SideWalk Ghosts / Interview 273: “What About The Lemonade Stand?”

It’s movie night under the stars at California State University, Northridge and I’m here with close family friend Kris (not pictured). I’ve known Kris for many years, and with her being a lifetime friend of my wife, to hang out with her is like spending time with a family member. Plus, she is one of the most avid readers of 365. And for this reason, I am conducting an experiment by submitting to the both of them for the  direction of my 365 path this evening. Kris has agreed to drive and facilitate our travels and Terri has stepped up in suggesting our destination, the above mentioned movie night and one of Kris’s favorite flicks of all time, “The Wizard Of Oz.”

The crowd is thin and with the 2012 graduation ceremonies over, the grounds are open. Still, the diversity is rich and the temptation to profile for the wisdom of youth pulls hard. Although Kris and I share our hellos with every passer-by, I purposefully hold my 365 introduction, waiting of Kris’ inspiration. We talk to a couple of people, stand, talk to a few more, stand again, and repeat the same motions several times. Yet in doing so, neither of us feel any strong impressions about who to ask to join us in sharing their council.

We simply find ourselves standing, blind-minded zombie, staring into the slowly expanding audience, when Kris turns to me with what I view as a spark of enlightenment.  “What about the Lemonade stand?” she gestures.

Funny how it’s so easy to get sidetracked by the motion of people that we can find ourselves overlooking those sitting in plain view.

Over to the lemonade stand we stroll and on approach we are welcomed by Dan, cold beverage superstar and proprietor of DC Lemonade.

Dan, hailing from Israel (relocated to the United States in 1984) speaks to us with a combination of warmth and subdued wisdom.

“We all need to get along… it is one world for all of us, and with less fighting we are all going to get better. And coming from a country where we always fought for our land, I know it is important to forget about the little stuff and think about the future for our kids. They are going to live in a free world. Where there is no war or stuff like that.”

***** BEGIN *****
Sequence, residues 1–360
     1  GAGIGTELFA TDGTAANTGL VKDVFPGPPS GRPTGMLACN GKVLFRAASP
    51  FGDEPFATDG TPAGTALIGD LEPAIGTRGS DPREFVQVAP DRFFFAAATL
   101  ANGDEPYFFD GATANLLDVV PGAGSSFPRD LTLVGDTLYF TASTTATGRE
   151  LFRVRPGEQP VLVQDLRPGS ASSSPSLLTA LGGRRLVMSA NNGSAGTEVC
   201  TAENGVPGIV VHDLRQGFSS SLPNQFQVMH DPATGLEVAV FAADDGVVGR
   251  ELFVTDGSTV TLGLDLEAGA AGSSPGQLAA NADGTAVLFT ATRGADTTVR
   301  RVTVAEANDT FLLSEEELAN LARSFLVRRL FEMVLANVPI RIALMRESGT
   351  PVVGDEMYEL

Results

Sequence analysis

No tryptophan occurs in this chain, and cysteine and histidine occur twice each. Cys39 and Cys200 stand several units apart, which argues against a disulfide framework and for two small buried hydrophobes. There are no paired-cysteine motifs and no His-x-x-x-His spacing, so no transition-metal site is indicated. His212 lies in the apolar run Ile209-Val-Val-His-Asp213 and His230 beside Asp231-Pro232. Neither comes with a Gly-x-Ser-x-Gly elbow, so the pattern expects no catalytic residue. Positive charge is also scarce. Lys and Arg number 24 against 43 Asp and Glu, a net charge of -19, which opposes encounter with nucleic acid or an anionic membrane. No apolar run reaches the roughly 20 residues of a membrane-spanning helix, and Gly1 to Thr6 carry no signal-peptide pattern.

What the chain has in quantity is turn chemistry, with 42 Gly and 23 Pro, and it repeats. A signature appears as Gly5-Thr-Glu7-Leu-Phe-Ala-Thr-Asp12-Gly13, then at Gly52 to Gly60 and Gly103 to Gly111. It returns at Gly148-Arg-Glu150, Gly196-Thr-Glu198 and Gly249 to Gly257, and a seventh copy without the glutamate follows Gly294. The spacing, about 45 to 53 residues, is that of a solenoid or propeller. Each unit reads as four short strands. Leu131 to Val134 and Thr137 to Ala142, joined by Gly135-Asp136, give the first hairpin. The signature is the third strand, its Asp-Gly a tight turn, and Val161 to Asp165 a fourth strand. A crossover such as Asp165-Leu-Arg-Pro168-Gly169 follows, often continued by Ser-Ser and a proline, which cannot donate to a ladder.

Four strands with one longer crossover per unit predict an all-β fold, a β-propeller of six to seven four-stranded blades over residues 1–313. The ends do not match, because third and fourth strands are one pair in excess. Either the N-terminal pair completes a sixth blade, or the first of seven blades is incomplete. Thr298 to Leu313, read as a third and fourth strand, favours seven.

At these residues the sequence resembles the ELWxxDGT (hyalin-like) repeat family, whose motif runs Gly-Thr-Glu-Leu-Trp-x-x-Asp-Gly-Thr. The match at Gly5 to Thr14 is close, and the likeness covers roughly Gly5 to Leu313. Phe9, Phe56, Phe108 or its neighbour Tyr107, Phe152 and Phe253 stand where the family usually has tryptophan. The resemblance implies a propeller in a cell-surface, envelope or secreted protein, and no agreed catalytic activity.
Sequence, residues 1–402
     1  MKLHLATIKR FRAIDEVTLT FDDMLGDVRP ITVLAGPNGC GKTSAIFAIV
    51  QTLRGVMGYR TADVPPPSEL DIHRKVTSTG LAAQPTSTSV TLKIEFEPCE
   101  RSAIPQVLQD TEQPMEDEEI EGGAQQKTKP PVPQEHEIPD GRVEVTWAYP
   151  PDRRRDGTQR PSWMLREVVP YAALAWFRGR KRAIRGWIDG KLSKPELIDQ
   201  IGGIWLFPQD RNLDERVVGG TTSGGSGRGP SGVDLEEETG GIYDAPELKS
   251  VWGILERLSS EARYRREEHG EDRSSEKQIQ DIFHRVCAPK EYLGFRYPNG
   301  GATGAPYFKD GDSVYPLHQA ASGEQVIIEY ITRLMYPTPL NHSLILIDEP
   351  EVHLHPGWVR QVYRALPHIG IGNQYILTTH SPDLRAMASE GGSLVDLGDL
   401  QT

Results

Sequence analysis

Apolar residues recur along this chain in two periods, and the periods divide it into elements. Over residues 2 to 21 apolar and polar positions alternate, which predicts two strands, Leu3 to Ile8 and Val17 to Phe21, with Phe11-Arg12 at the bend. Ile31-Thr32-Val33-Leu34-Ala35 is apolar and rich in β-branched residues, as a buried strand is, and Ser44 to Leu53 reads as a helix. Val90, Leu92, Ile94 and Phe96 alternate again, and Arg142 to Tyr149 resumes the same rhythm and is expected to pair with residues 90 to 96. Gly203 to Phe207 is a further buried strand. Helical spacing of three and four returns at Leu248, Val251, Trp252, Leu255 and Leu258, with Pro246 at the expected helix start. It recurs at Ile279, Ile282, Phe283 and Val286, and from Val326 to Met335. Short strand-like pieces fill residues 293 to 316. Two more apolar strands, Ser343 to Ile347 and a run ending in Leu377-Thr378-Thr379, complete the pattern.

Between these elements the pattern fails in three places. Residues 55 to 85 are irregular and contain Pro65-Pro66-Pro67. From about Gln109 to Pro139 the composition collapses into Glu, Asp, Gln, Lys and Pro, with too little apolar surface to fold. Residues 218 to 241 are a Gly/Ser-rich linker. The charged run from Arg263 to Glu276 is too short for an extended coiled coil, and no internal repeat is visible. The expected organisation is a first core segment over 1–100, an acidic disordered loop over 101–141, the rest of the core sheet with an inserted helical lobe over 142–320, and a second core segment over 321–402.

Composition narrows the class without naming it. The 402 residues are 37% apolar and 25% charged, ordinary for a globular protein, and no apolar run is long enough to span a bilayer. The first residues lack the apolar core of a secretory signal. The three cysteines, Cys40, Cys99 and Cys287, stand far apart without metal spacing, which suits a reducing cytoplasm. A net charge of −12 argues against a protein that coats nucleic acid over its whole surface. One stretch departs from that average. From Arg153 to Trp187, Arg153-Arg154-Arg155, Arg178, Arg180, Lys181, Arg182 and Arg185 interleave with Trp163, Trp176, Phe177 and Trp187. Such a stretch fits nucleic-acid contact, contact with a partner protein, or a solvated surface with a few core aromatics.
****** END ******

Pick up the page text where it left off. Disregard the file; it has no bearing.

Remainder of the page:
Dan speaks with optimism about the ability of our children to evoke positive change as they mature. With this he directs us to do what we can to instill whatever seeds we can in the way we teach, parent and advise them.

“I just wish that we are going to work on all the problems that we have now and eliminate all the extremists all over the world. That they are not going to put so much in religion and just let everyone do what they feel like as long as we all get together.”

Respect, tolerance and forgiveness are the key attributes I take away from speaking with Dan.

He is just another hard-working man, doing his best to support his family and in passing along whatever good words and works he can.

He does speak radically of eliminating the extremists. But in his verbal tone it is apparent that he is not referring to a killing spree. I am certain that would be against his value system. What I hear is a man focused on acceptance.

Just let everyone do what they feel like as long as we all get together.” Dan platforms.

His voice does not ring with the color of a drug induced 60s festival (no harm meant with the reference). Nor does it sting with overly zealous or radical religious reform. It just settles as a heart’s hope from a caring father.

I’m with you Dan – It is important to forget about the little stuff, and to think about the future for our kids.

And I share in your dream my friend. I hope, too, that as you say, “They are going to live in a free world, where there is no war or stuff like that.”

A dream that can start in our hearts, as per referencing a line from tonight’s film.

“If I ever go looking for my heart’s desire again, I won’t look any further than my own back yard…”

Shall that backyard be our communities and our view of the diversity of the world?

Back to Dan, “We all need to get along… it is one world for all of us.”